Anna Calvi at Troxy

February 9, 2014

Even more striking than the candle-lit smokey imagery of the Anna Calvi stage set-up is the sound that erupts from both her voice and her guitar.

On Saturday night, Anna Calvi’s latest tour – in support of her second record, ‘One Breath’ – reached the capital. Playing the grand, ornate and slightly antiquated Troxy in East London, the location was a perfect backdrop for an explosive evening of restraint and wild abandon.

Opening with ‘Suzanne and I’, the first thing that becomes apparent is the tight primal thump offered by her backing band. As matters unfold over the course of the next hour and a half, they will prove themselves to be something of a versatile wonder; adept at the most nimble of shifts and shakes as directed by Calvi herself.

Standout moments include a beautiful ‘Sing To Me’, a punchy ‘Blackout’ and a surprising solo cover of Bruce Springsteen’s ‘Fire’. Her voiceshowsitself to be a versatile instrument that is equally capable of soaring light harmonies as well as her trademark bellowing power. Her guitar playing too is a revelation. The reverb heavy tone conjures up gravitas, ashushed moments of tranquillity vie with coruscating screeches for attention.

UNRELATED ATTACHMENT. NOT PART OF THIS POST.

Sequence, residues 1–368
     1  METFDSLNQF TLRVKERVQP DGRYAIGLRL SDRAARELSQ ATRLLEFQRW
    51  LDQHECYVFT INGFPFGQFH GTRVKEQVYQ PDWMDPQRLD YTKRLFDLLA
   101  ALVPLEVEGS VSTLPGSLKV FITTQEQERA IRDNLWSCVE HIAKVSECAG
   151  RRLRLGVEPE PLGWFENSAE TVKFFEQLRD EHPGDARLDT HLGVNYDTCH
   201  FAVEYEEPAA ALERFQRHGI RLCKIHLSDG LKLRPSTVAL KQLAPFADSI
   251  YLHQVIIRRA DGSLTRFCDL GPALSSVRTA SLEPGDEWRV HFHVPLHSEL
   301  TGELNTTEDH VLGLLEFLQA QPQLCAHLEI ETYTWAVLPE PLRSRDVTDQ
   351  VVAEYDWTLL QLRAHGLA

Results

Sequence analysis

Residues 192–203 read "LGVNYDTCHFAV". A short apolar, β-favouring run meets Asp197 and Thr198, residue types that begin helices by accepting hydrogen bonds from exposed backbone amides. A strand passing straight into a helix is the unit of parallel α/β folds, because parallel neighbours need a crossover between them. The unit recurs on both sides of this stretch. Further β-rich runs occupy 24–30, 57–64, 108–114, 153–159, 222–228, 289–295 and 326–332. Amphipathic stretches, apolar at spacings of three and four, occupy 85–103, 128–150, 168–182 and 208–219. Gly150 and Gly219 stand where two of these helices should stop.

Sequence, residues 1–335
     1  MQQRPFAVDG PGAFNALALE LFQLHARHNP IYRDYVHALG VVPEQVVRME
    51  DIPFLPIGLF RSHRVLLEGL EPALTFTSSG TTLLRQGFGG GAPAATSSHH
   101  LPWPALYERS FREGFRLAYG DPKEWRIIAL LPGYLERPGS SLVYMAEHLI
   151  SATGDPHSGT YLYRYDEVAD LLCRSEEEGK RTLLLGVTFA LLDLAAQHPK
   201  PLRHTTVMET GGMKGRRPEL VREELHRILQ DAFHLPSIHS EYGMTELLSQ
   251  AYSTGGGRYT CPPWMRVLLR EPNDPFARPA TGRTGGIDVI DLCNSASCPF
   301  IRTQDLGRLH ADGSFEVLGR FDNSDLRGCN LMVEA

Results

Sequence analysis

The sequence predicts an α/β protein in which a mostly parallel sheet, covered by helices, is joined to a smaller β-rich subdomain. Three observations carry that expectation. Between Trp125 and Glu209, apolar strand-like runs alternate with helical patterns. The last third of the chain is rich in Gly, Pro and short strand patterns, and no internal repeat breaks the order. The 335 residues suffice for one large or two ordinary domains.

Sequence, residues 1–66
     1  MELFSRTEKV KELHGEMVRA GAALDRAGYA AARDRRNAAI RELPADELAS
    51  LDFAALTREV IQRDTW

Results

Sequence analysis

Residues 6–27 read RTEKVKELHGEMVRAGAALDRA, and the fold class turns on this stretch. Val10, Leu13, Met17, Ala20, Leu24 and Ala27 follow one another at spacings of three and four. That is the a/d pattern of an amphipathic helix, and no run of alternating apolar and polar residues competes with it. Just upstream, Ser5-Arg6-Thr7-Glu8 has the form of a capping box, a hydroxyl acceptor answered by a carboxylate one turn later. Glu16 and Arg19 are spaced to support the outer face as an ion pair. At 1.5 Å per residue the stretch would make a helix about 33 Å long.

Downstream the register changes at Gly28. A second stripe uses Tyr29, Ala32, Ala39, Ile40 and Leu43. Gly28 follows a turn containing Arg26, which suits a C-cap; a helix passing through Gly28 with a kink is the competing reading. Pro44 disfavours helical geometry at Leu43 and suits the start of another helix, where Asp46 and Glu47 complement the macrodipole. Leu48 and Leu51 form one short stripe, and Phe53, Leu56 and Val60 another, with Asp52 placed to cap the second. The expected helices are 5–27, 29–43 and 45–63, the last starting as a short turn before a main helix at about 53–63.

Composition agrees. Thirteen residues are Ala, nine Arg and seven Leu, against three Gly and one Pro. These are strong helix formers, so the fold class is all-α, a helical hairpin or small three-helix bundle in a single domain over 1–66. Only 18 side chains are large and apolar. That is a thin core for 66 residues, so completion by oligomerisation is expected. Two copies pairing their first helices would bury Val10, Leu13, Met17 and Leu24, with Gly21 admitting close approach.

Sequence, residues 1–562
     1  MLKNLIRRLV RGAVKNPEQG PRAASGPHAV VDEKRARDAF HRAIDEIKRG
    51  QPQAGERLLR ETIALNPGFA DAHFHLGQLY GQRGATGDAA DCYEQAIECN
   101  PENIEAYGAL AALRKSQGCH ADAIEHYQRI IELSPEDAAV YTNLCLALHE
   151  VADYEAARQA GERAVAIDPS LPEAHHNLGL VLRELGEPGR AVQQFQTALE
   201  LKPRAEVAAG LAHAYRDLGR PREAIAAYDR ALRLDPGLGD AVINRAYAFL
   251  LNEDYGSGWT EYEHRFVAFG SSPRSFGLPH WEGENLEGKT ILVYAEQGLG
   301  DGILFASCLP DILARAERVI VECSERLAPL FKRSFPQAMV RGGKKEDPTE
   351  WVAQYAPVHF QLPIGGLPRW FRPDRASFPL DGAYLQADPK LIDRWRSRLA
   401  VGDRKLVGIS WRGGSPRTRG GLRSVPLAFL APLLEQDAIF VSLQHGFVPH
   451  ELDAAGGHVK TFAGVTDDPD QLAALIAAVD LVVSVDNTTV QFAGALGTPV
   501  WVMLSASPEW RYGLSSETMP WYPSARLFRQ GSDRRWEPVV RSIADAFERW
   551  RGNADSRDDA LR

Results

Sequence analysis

It is all transfixing, bewitching and at times, mesmerising.

Okay, there may be some moments where wailing harmonics take precedence, when a lyric or two would have been an ideal, and more satisfying, substitute. But there are many more transcendental incidents of earth-shaking beauty. Her new songs offer expansion and interesting progressions. Whilst there may not be an immediate toe-tapper in the ‘Desire’ vein, these songs are more sophisticated and broaden Calvi’s musical palette, teasing (at times) a Tom Waits circa ‘Rain Dogs’ off-kilter tinkle.

Calvi closes with her fierce rendition of ‘Jezebel’ and, with its abrupt stop/start rhythms, she exits the stage to thunderous applause and demands of a further, second, encore.

It was an honour to be in her presence. She is undoubtedly here for the long haul. She is what recordlabels might have traditionallyreferredto as a ‘career artist’. Strangely, her unique talent fills a Jeff Buckley-shaped hole. It’ll be interesting to see where she goes next.

For those unfamiliar, sample a bit of Anna Calvi here:

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